David Bolt was the first professional actor I ever met. I was studying theatre at the University of Regina and he was working for the Globe Theatre doing one of their gruelling tours, taking plays to remote gymnasiums and church basements in the dead of Winter.
He undertook that cold and uncomfortable dedication to Canadian theatre wearing a broad-brimmed black cowboy hat and gigantic Buffalo robe coat that once belonged to a local Mountie. From the get-go, everything David did was unique.
Living in a boarding house inhabited by a college drama buddy of mine, he became our gateway to what a life in theatre was really all about. And we hung on his every word.
For Dave had actually seen plays at Stratford and on Broadway. He’d performed the classics before paying members of Toronto’s glitterati and had his name mentioned in dispatches by the country’s most famous theatre critic of the day, Nathan Cohen.
Beyond that he opened our eyes to art films and good books and music that didn’t involve screaming guitars or a cute cowgirl.
A year or so later, I was serving my Equity apprenticeship at the Globe, barely more than a glorified roadie, but doing an only slightly more upscale tour of Saskatchewan’s theatres and prairie opera houses with David playing the lead role in Charlie’s Aunt.
I’ve seen many productions of that play since, but not an actor as funny and engaging as David in that role. Night after night, the play simply stopped in places to allow audiences rolling in the aisles to get control of themselves.
I longed for the opportunity to work with an actor that good. And Fate smiled upon me, for over the next years I was blessed with the chance to play opposite David in dozens of plays and to be among those he counted as close friends.
As an actor, he was capable of incredible flights of comedy and profoundly moving moments of drama. And through it all he was generous to everyone with whom he shared the stage, making sure you had all you needed to bring your own character to life.
Together we did musicals, including his wife Carol’s landmark play Red Emma and Tom Hendry’s astonishingly weird and more astonishingly successful Gravediggers of 1942.
I’ll never forget holding a flailing Chapelle Jaffe as David’s crazed Van Helsing drew screams from audiences as he drove a stake through her heart in Bill Lane’s Brides of Dracula, nor struggling to keep a straight face as he sat next to me delivering the looniest monologue ever written in George F. Walker’s Beyond Mozambique.
We shared unforgettable moments offstage as well. Following an especially rough run of a show that had left us both bruised and bent, David announced he was treating me to a night at a spa where his brother had taken him before his wedding, promising the best sauna and massage Toronto had to offer.
We arrived and checked in to discover that in the intervening years the spa had become a notorious gay bathhouse.
Two guys so straight they had trouble getting around corners were suddenly not only strategizing how to play at being a “couple” to stave off potential advances but confronted by fellow theatricals hysterically eager to relay the news that we’d finally come out.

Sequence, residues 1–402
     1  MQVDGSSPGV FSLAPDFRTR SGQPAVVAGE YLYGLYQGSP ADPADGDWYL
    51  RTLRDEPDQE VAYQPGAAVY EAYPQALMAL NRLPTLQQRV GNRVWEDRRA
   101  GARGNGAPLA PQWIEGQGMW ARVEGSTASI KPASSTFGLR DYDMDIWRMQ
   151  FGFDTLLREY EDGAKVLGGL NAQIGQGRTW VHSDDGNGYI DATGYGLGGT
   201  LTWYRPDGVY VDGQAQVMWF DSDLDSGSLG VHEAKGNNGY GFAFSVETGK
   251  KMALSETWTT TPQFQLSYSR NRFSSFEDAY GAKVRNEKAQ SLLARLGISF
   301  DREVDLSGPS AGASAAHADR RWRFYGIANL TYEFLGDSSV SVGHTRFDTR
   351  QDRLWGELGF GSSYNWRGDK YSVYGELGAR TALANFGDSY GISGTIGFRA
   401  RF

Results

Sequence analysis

I toured the country and took shows to London a couple of times with David, always impressed by his knowledge of history and culture and the array of famous names he’d worked with who came to our performances and made us part of their social circles.
John Huston, Donald Pleasence, Cyril Cusak, Jeremy Brett, and Jamie Lee Curtis all seemed to share my own attraction to not only the man’s talent, but his warmth and gentleness.
As time went on, David expanded his artistic output to writing plays like the timeless The Stupid Life of the Montagues and his unproduced but utterly delightful satire on Canadian theatre, Toronto Star.
After Carol passed away, he withdrew somewhat from the stage, but wrote radio plays for CBC and became a familiar voice on commercials.
The last time David and I took the stage together was at a 30th-anniversary benefit for Factory Theatre, performing the penultimate scene from George F. Walker’s Theatre of the Film Noir, a play which might’ve been the best work we ever did.
David Bolt passed away unexpectedly On October 3rd and it feels as if half of my fondest moments in the theatre departed with him.
I can’t imagine the heartbreak his leaving has visited on his lovely wife Sarah or his wonderful son, Lt. Col Alexander Bolt –- still affectionately remembered as “Lightning” by those of us once tasked with keeping track of him during rehearsals.
Perhaps the void that has descended with David’s final curtain is best addressed not by memory but a rededication to how he lived his own life, taking the experience of theatre and culture to places and people who’ve never had the experience of them.
I don’t know that David ever saw himself as the pioneer or ground-breaking artist he certainly was. I think he just accepted that he was a part of something that began long ago and will continue long after we’re gone and that you use the moment you’re given to be the best you can be as both an artist and a man.
So long, buddy. I can’t wait to work with you again.
First published on The Legion of Decency.